4. If no response comes back in a pre-set time (e.g., 10 ms), the session is considered expired and new one is opened, then automatically propagated to all other servers.

Finally, to further improve the situation with an API server joining in with empty cache in the case this server has been restarted, we added an on-disk dump of the local cache which is performed every now and then. When the API server starts, it will check if a local dump is available and will load it, thus greatly reducing the need to seek existing sessions on the network.

To Be or Not to Be

When a session object is created, something has to take care of its removal when it is no longer needed. Since sessions are often used to track users of a particular service, it can be assumed that once the user leaves the service, its session can safely be destroyed. While this is in fact true, it leaves an open gap: because the web is stateless in nature, the user can always terminate its communication with the server without the server knowing that – most commonly by simply closing the web browser’s window.

To accommodate for this case and to avoid endless storage of unused sessions, we attach a time-to-live (TTL) tag to each session object. When the TTL expires, each local cache will remove the session object.

This approach requires a proper strategy to setting TTL. Apilator provides three different ways to do it:

  1. Non-persistent TTL – session ID will be supplied in a HTTP cookie with no TTL set and the browser will remove it once closed. The session object will be created with a short TTL which won’t get changed before expiration.
  2. Persistent absolute TTL – once set, it cannot be modified. This is suitable for services which want to re-ask user’s credentials after a fixed amount expires since their last presentation.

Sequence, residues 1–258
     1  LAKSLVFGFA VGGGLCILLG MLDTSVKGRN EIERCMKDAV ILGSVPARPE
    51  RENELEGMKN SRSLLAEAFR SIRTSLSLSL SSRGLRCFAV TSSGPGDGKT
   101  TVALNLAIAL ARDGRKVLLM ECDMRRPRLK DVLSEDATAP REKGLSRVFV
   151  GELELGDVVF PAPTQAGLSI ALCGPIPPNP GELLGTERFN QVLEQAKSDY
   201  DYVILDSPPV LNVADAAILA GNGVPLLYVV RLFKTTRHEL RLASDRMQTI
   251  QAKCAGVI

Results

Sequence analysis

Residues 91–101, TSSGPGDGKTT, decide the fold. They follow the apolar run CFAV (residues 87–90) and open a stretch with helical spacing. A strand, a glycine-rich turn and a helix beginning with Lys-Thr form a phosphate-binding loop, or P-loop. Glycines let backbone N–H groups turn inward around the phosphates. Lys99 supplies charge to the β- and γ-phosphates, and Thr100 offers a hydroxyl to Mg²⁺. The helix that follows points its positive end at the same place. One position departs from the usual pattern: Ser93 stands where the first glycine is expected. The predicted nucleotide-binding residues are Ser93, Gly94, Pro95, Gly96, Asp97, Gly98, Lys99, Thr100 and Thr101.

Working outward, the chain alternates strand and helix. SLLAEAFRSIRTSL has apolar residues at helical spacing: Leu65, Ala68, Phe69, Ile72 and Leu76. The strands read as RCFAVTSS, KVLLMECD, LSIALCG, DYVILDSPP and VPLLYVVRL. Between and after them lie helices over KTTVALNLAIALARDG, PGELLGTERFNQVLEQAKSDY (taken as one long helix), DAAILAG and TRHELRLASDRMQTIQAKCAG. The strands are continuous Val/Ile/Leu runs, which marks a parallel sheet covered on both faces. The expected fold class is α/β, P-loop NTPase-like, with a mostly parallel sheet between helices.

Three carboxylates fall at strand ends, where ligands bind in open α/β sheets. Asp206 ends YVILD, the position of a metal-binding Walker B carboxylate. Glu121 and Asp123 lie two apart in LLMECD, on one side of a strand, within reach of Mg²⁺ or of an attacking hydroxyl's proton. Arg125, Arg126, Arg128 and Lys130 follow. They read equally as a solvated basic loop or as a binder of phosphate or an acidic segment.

3. Persistent rolling TTL – each time the session ID is used, the TTL of the session object will be extended with a fixed amount of time. This is suitable for services which want to have a remember me function, but still want to ask the user’s credentials if the service has not been used for a prolonged period.

Serving the Client

After putting a fully automated session management in place, we decided to do the last step and also fully automate the session communication with the client.

Thus, when Apilator receives a request, it fist checks whether a cookie with the session ID is supplied. If there is none, a new session is created (and automatically propagated to other API servers). Then a cookie is returned to the customer with its new session ID.
If the client does supply a cookie with a session ID, the session is first sought in the local storage and then on the network. If not found, it is considered expired and a new session is created, propagated and fed back to the client as described above. If the session is found (either locally or fetched from the network), it is automatically made available to the API endpoint method which processes the request. If the method modifies the session object, it is stored locally (replacing the old one) and is propagated to all other API servers.
To avoid inconsistency due to network outages, each session object stores the timestamp of its creation. Thus API severs only update their cache if they receive a multicast announcement for an object that they either do not have or is newer in version.